Monday, October 27, 2008

Pride and Glory

There are too many cop shows to even keep up. And with excellent ones like The Wire and The Shield, who needs more? The movies aren’t usually any better (We Own the Night anyone?). But here is a wildly explosive, refreshing take on a used formula.

Director Gavin O’Connor dives head first into a story about an investigation that follows the brutal murder of four NYPD cops. Veteran cop Francis Tierney (Jon Voight) wants his smart, burnt-out detective son Ray (Edward Norton) to lead the investigation. The four cops worked under Ray’s brother Francis Jr. (Noah Emmerich) and with Ray’s brother-in-law Jimmy (Colin Farrell). Ray hesitantly accepts the job, and is soon in way over his head.

With a riveting script by O’Connor and Joe Carnahan (Narc), Pride and Glory is a witty thriller that keeps you pinned to your seat. Ray soon discovers that Jimmy is dirty (way dirty) and his brother Francis may be in just as deep. So Ray, not knowing who to trust, has to go at it alone to find out what went down, and why.

Edward Norton (as always) is incredible. His blistering performance is his best since 2002’s 25th Hour. He gives Ray an emotional complexity that’s hard to find in most police-character dramas. Colin Farrell, who makes The Shield’s Vic Mackey look like Mother Teresa, delivers some of his best work as Jimmy. His villainous charm actually reminded me of Heath Ledger’s Joker, completely willing to push his kids on the swings, and in the next scene, use a hot iron as in interrogation tactic.

I’m glad Francis Jr. was cast with Noah Emmerich, an exceedingly talented character actor who has never fully reached stardom. Emmerich (so good in The Truman Show, Little Children and Miracle) is completely believable as a conflicted family man, bound to his cancer-stricken wife, and often turns a blind eye to the men in his unit. And Voight gives us a performance that’s so nuanaced, it reminds us of that Midnight Cowboy he once was.

Pride and Glory has suffered through several theatrical delays. Why? I’m not sure, probably business politics. But if it is marketed properly, its cast could receive a few Oscar nominations. I enjoyed this film immensely, even if the end is a little too easy. But with this group of extraordinary men, you can’t go wrong. A-


Who other than Oliver Stone (the man behind such controversial films as JFK and Nixon) would make a film about the current Commander and Chief? Stone is a man driven making people fully aware of who they vote for next week. He wants us to make the right choice, and elect the right person.

The film focuses an equal amount of time between young and old Bush, jumping back and forth in narrative. It shows his young, drunk antics as a youth, eager to impress his Poppy. His confusing, middle-aged years, when he cannot figure out what to do, and finally, his years as President.

Josh Brolin, in the title role, delivers the performance of his career. Aside from the fact that he perfectly nails every nuance of the man, he also, rather marvelously, makes the character his own. While I am no fan of Bush, I was completely enthralled by Brolin.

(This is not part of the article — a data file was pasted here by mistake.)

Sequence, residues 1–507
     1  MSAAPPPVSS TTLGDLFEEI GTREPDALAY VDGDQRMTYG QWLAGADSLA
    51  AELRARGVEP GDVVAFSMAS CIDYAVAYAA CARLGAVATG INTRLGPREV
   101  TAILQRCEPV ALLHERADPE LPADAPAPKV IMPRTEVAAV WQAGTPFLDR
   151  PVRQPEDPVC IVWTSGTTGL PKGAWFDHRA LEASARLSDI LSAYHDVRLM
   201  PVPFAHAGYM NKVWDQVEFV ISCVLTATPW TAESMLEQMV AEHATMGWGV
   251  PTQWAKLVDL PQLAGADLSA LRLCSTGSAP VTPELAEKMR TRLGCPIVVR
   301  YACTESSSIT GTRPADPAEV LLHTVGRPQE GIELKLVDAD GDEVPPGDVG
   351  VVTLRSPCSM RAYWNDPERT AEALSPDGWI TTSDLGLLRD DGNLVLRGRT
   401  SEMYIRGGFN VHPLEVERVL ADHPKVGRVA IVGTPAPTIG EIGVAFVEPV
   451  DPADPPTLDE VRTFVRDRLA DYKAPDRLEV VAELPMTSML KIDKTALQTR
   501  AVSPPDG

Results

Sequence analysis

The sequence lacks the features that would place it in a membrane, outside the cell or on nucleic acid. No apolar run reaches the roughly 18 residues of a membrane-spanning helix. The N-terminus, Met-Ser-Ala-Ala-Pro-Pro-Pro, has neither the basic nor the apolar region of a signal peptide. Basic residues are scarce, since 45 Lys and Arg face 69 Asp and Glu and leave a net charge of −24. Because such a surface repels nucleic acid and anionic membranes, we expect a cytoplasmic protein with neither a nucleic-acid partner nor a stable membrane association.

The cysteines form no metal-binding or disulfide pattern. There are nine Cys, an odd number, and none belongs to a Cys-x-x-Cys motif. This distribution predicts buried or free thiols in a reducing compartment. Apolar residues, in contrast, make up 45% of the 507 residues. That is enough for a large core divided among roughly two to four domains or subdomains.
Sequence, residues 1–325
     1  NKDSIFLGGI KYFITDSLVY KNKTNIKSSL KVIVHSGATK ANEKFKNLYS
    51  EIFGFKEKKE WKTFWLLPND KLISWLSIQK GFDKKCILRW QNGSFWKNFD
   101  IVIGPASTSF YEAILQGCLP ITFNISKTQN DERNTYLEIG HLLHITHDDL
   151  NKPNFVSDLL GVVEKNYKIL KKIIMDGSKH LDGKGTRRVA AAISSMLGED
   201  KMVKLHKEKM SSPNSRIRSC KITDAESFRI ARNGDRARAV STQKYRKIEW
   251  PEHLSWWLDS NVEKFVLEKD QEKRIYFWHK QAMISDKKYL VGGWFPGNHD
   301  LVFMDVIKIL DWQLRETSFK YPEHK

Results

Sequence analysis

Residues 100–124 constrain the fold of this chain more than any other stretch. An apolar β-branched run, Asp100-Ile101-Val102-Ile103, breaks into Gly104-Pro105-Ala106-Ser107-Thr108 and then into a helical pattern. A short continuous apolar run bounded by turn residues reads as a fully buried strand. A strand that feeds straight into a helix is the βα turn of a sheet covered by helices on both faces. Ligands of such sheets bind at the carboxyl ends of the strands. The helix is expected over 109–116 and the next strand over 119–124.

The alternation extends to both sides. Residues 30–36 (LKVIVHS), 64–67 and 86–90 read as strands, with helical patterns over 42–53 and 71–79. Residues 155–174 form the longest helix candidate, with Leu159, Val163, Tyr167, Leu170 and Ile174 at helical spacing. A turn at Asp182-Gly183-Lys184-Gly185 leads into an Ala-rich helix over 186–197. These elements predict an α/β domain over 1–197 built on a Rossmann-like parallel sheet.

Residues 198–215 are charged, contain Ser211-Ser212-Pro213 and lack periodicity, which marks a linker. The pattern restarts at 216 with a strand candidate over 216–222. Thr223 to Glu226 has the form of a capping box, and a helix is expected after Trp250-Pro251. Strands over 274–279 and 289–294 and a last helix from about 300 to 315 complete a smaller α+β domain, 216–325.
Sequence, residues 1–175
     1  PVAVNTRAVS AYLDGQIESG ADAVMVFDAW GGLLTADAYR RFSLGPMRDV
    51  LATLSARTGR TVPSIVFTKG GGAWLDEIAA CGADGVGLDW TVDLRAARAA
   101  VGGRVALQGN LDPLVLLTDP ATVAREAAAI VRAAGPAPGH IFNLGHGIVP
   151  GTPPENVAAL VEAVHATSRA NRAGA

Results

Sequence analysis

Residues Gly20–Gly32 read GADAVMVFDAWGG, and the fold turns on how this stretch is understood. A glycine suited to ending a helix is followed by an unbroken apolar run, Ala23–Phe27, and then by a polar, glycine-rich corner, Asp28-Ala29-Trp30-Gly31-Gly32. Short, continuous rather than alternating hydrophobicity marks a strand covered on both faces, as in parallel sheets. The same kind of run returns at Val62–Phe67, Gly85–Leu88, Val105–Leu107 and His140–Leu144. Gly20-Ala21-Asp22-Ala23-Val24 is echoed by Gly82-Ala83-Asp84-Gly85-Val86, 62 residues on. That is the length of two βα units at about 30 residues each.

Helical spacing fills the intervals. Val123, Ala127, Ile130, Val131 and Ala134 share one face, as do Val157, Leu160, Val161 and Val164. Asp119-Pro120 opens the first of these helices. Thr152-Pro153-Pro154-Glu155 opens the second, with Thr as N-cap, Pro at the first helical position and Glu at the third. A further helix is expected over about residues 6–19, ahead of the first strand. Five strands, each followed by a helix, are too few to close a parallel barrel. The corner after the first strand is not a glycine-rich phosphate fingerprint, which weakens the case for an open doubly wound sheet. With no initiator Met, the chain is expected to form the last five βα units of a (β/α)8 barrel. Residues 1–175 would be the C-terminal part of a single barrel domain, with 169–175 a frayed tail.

His supporting cast is one for the ages. Richard Dreyfuss digs deep into the seeds of Dick Cheney’s master plan, Toby Jones delivers a hauntingly optimistic Karl Rove, Elizabeth Banks makes for a sensitive and hesitant Laura Bush, James Cromwell is a perfect fit for Bush Sr., and the beautiful Thandie Newton does a spot-on impression of Condie Rice.

Politics aside, W. is a bit off-balanced. For one reason or another, the film completely dodges such topics as the 2000 election and 9/11, but manages to make room for a choking pretzel scene. There is a fantastic, 20 minute 'war-room' scene where everyone talks about what to do after 9/11. At the beginning, it is all about Afghanistan, but somehow, thanks to the help of a very convincing Cheney, the focus switches to Iraq. It is a great arch in dialogue and storytelling as Bush stands at the head of the table, seemingly confused about what is being presented.

I saw the film as a story about a wealthy kid with a massive daddy-complex, whose only real dream was to be the commissionaire of baseball. Once in the White House, he let people like Rove and Cheney control his puppet strings.

Is the film accurate? I don't know. And I don't really care; I don't see movies for historical lessons. Oliver Stone based the film mostly on books written by people who were actually in those meetings (like Colin Powell). But honest to God, by the end of the film (which really only goes up to the year 2004), I felt bad for Bush. I saw him as a guy that was in over his head, and when he finally got there, he was just as stunned as everyone else.

W. isn’t all that entertaining and it isn't very informative, but I did appreciate it. People who lean to the right probably won’t even bother with it, but I doubt Stone minds. He’s never been a filmmaker that aims to please all audiences (maybe with World Trade Center). But here, he lets his actors, Brolin in particular, flourish with emotion. B

Saw V